Contributors

Doug Fields

doug_fieldsDoug Fields is a 30+ year youth ministry veteran who is the Author of 50+ books, Founder of Simply Youth Ministry, Speaker, Pastor, Executive Director of the HomeWord Center for Youth & Family at Azusa Pacific University, and a Partner in DYM.

Rachel Blom

Rachel-Blom

Rachel Blom is from The Netherlands originally and has youth ministry experience in several countries, both as a volunteer and on staff.

Matt McGill

Matt-McGill

Blogging with eternal wisdom. Matt McGill is the visionary behind Download Youth Ministry. He convinced his 2 friends Josh and Doug to partner with him and create this whole place.

Justin Knowles

Justin-Knowles

Justin Knowles is the Lead Next Gen. Pastor of Christ's Church of the Valley in San Dimas, CA. He oversees Jr. High, High School and College ministries at the church.

Colton Harker

Colton-Harker

Blogging about his First 2 Years in Youth Ministry. Colton is just starting out in youth ministry and blogs about what he is learning along the way.

Christopher Wesley

Christopher-Wesley

Blogging serving at a Catholic Church. Chris Wesley has been in youth ministry for over 9 years as the Director of Student Ministry at Church of the Nativity in Maryland.

Jen Bradbury

Jen-BradburyJen serves as the director of youth ministry at Faith Lutheran Church in Glen Ellyn, Illinois. Jen is the author of The Jesus Gap: What Teens Actually Believe about Jesus and her writing has also appeared in YouthWorker Journal, Immerse, and The Christian Century. She also blogs regularly at www.YMJen.com

Neely McQueen

Jen-BradburyBlogging about girls' ministry. Neely McQueen has been working with students for over 15 years. She works in Student Ministries at Overlake Christian Church in Redmond, WA.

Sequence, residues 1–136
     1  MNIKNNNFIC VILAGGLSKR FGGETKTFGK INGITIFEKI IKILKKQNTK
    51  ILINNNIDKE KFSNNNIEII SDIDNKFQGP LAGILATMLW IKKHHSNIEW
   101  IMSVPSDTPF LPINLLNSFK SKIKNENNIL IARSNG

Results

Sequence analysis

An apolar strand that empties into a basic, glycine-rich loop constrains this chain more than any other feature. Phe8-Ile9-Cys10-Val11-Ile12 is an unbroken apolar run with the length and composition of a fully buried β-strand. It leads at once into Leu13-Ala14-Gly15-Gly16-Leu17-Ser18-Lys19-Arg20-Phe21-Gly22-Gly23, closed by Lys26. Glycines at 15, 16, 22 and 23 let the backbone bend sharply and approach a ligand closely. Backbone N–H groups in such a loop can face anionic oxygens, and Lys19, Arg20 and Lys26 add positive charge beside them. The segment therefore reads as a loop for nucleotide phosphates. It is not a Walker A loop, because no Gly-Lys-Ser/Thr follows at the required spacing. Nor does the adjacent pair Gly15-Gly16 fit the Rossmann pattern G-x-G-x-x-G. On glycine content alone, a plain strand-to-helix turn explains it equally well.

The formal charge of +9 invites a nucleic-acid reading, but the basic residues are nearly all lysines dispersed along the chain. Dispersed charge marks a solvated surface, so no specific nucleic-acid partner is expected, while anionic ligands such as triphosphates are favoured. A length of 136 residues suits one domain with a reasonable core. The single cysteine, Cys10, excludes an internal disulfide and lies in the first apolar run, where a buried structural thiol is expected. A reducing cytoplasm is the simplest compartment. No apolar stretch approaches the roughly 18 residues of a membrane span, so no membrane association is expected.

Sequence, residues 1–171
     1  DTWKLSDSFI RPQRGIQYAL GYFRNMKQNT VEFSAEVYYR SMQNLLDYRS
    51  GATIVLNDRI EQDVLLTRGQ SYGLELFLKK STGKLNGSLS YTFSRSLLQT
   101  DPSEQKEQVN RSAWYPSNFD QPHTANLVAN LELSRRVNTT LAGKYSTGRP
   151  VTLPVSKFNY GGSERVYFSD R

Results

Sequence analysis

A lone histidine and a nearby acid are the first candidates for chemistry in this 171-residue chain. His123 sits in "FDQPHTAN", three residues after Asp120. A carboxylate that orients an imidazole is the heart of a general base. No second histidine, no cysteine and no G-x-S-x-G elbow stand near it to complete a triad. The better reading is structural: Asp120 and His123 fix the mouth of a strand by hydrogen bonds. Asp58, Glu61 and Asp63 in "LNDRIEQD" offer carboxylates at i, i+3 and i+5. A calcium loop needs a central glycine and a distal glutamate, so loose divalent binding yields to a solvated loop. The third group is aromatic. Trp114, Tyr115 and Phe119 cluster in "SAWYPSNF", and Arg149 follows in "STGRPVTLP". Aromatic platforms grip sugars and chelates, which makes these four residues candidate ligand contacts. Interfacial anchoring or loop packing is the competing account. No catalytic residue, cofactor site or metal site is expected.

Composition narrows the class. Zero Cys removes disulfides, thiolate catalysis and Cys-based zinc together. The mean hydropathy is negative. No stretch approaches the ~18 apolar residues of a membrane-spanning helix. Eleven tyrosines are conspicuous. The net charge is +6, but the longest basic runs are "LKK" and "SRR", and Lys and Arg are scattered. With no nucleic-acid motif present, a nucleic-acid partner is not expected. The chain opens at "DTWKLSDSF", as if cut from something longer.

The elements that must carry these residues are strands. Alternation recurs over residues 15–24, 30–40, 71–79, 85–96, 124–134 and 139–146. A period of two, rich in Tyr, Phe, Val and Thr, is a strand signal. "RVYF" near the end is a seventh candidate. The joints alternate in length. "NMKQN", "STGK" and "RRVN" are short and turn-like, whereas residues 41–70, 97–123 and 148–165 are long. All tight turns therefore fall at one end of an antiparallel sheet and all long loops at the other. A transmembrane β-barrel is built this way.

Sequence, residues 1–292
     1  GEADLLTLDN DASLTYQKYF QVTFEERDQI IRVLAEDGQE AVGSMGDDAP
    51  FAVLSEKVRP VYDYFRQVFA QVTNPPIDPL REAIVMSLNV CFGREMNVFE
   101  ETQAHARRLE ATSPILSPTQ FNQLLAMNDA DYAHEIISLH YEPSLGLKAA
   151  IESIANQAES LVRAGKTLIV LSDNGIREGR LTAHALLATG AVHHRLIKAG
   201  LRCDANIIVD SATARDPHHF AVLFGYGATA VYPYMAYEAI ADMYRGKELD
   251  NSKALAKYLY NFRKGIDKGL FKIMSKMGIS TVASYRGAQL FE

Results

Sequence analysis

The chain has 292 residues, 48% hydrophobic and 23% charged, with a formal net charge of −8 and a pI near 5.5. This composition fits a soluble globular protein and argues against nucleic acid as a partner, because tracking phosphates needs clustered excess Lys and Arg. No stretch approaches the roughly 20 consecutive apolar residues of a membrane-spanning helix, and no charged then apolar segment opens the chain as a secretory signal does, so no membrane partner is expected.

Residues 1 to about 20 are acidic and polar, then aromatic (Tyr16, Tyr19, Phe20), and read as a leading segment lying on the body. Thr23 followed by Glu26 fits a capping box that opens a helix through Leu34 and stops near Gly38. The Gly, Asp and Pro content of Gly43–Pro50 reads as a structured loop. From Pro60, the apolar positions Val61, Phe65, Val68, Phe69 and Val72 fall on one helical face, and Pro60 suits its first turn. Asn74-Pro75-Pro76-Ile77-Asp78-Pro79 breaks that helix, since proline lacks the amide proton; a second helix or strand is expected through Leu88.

Laneita Fix

Jen-BradburyAuthor, Speaker, Director Ministry Development for Asian Youth Ministries. Love 22 years of working with youth and equipping others in the trenches in youth ministry.

Geoff Stewart

Jen-BradburyGeoff Stewart serves the Jr/Sr High School Pastor at Peace Portal Alliance Church in Surrey B.C. and doesn't appreciate the jokes about being Canadian (unless they are funny of course).

Kara Powell

Jen-BradburyDr. Kara E. Powell is executive director of the Fuller Youth Institute and a faculty member at Fuller Theological Seminary. A 20- year youth ministry veteran, she speaks regularly at youth ministry conferences and is author or co-author of a number of books and volunteers in student ministry at Lake Avenue Church in Pasadena, CA.

Walt Mueller

Jen-BradburyBlogging about youth culture and current events. Dr. Walt Mueller is the founder and President of the Center for Parent/Youth Understanding, a non-profit organization serving schools, churches, and community organizations across the U.S, Canada, and worldwide in their efforts to strengthen families.

Duffy Robbins

Jen-BradburyDuffy travels the world speaking to teenagers and people who care about teenagers. Both in the classroom and in camps, conferences and seminars, he's well known for his insights, inspiration and humor.